Social policies reflect and construct important ideas in societies about the relationship between the state and the individual. This 2002 book examines this relationship in a number of hitherto unexplored areas in Japanese society including policies relating to fertility, peri-natal care, child care, child abuse, sexuality, care for the aged and death. The conclusion is that a great change has taken place in all these areas through the 1990s as a consequence of Japan's changing economy, demography and the development of civil society. The case studies, based on intensive anthropological fieldwork, not only demonstrate how and why family and social policies have evolved in the world's second largest economy, but in the process provide a challenge to many of the assumptions of western policymakers. The empirical material contained in this volume will be of interest to anthropologists and to students and practitioners.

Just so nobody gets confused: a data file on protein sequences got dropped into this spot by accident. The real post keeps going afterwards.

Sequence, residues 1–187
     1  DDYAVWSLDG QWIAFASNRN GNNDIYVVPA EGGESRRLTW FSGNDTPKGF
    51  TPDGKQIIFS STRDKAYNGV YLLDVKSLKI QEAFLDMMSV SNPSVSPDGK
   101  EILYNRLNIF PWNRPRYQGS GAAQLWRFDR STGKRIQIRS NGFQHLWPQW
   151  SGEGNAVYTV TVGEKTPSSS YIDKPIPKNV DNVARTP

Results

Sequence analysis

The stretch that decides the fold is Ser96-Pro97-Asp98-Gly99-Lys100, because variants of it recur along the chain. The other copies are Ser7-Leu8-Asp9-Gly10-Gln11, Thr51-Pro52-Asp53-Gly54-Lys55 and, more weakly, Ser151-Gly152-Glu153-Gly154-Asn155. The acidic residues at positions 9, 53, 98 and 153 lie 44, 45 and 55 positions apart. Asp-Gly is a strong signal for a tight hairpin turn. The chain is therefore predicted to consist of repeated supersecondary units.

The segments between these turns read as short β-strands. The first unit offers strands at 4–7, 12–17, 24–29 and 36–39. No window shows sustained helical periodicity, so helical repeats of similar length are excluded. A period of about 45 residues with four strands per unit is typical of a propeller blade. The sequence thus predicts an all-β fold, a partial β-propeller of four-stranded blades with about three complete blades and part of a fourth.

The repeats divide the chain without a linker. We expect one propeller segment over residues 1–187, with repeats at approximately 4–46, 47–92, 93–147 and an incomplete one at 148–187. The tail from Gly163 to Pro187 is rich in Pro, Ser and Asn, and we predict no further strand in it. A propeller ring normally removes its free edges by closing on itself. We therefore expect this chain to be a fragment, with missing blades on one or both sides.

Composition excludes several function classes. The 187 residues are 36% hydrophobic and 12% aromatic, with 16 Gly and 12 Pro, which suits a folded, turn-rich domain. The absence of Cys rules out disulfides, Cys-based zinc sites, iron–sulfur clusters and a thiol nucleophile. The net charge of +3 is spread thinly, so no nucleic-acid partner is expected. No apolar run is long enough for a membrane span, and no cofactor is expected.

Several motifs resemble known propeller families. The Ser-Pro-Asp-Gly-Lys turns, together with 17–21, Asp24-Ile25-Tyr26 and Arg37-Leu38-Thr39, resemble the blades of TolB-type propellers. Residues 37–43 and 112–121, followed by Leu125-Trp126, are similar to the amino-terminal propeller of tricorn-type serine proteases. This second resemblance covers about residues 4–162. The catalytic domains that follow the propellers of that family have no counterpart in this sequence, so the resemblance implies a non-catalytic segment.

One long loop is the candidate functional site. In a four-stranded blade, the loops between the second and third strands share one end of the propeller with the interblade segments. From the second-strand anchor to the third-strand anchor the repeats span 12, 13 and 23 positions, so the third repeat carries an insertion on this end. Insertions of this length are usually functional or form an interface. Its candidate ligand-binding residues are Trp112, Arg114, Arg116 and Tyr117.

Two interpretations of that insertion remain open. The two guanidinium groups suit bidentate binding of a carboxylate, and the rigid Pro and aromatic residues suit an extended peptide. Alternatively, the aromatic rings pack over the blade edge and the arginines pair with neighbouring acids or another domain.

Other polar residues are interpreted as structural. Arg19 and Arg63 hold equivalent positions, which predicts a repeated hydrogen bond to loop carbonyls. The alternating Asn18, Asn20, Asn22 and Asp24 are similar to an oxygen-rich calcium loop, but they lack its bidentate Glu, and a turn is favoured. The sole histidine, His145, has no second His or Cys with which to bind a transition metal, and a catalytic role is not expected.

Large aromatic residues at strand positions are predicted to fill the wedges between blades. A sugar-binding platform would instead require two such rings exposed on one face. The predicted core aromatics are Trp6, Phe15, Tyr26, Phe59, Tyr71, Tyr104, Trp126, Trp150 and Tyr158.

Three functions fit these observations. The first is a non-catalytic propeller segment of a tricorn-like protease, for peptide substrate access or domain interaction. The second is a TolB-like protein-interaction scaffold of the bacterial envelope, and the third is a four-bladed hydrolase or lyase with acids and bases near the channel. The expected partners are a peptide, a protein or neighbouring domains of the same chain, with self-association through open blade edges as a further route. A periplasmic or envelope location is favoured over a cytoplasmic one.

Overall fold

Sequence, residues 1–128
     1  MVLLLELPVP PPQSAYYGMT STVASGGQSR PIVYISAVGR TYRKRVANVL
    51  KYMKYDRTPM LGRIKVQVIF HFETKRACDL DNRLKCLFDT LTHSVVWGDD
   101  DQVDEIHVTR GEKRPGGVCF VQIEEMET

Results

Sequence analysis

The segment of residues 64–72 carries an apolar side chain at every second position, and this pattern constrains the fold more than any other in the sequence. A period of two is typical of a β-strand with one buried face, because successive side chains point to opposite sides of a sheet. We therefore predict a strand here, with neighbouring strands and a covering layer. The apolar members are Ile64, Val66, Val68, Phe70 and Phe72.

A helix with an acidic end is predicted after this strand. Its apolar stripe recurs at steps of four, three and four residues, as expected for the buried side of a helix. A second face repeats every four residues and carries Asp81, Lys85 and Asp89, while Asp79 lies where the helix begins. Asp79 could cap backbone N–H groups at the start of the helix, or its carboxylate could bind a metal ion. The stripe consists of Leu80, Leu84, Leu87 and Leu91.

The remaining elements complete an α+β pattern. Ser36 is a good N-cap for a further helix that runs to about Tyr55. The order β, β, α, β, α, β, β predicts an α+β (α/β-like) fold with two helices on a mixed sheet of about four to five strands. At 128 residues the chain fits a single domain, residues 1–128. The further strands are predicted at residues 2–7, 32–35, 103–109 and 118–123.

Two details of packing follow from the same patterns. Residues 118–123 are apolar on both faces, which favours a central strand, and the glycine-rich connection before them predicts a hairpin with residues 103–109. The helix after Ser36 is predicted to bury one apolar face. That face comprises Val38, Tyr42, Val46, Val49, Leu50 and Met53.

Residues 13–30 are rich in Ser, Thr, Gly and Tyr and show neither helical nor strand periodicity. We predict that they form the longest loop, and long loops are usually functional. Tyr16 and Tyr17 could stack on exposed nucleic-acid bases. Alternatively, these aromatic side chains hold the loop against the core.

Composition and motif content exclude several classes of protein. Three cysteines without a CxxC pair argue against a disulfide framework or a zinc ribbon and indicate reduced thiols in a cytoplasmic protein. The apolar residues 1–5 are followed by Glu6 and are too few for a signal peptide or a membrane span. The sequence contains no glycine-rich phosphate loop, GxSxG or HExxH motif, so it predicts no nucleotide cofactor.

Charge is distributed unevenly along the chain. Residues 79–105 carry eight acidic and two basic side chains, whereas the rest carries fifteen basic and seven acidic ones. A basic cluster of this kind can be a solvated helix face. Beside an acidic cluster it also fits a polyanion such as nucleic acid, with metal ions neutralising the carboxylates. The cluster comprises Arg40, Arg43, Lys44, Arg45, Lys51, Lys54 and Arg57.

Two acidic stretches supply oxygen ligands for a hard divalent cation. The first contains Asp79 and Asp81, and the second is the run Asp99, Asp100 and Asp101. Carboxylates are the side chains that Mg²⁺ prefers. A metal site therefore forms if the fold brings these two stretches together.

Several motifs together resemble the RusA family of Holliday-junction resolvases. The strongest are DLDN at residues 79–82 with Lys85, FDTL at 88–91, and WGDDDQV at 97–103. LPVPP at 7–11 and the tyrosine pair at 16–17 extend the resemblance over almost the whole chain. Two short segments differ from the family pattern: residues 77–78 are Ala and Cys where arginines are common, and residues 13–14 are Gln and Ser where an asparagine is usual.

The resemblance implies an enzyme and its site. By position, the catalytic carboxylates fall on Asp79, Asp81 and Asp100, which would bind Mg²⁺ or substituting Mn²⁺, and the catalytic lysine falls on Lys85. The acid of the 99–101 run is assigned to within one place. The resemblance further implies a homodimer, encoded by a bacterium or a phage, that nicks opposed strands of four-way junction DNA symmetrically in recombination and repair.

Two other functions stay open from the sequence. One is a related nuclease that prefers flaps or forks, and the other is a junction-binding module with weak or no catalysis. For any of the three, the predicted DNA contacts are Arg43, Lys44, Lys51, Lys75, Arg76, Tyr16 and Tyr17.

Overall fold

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(228mm x 152mm x 15mm)
Cambridge University Press
Publisher: Cambridge University Press
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Author Biography - Roger Goodman
Roger Goodman is lecturer in the social anthropology of Japan at the Nissan Institute of Japanese Studies and the Institute of Social and Cultural Anthropology, University of Oxford. His publications include Children of the Japanese State: The Changing Role of Child Protection Institutions in Contemporary Japan (2000) and The East Asian Welfare Model: Welfare Orientalism and the State (1998).